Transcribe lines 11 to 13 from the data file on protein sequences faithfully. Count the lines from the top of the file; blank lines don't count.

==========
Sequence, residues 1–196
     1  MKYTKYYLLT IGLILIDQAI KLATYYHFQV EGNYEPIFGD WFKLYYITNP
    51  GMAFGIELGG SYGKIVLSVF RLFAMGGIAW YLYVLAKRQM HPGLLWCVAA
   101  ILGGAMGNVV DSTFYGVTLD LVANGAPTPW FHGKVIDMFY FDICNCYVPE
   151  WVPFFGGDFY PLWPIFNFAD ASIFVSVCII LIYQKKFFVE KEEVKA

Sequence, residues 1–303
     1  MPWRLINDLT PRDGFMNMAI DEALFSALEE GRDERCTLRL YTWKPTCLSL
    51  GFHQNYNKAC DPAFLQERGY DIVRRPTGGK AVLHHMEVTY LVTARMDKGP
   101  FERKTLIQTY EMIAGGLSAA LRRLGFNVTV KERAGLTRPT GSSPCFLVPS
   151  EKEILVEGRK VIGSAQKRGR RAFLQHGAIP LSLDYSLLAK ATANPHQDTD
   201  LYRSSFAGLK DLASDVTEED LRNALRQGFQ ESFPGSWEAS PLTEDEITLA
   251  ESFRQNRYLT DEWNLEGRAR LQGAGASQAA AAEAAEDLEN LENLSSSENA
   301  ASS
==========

   201  LYRSSFAGLK DLASDVTEED LRNALRQGFQ ESFPGSWEAS PLTEDEITLA
   251  ESFRQNRYLT DEWNLEGRAR LQGAGASQAA AAEAAEDLEN LENLSSSENA
   301  ASS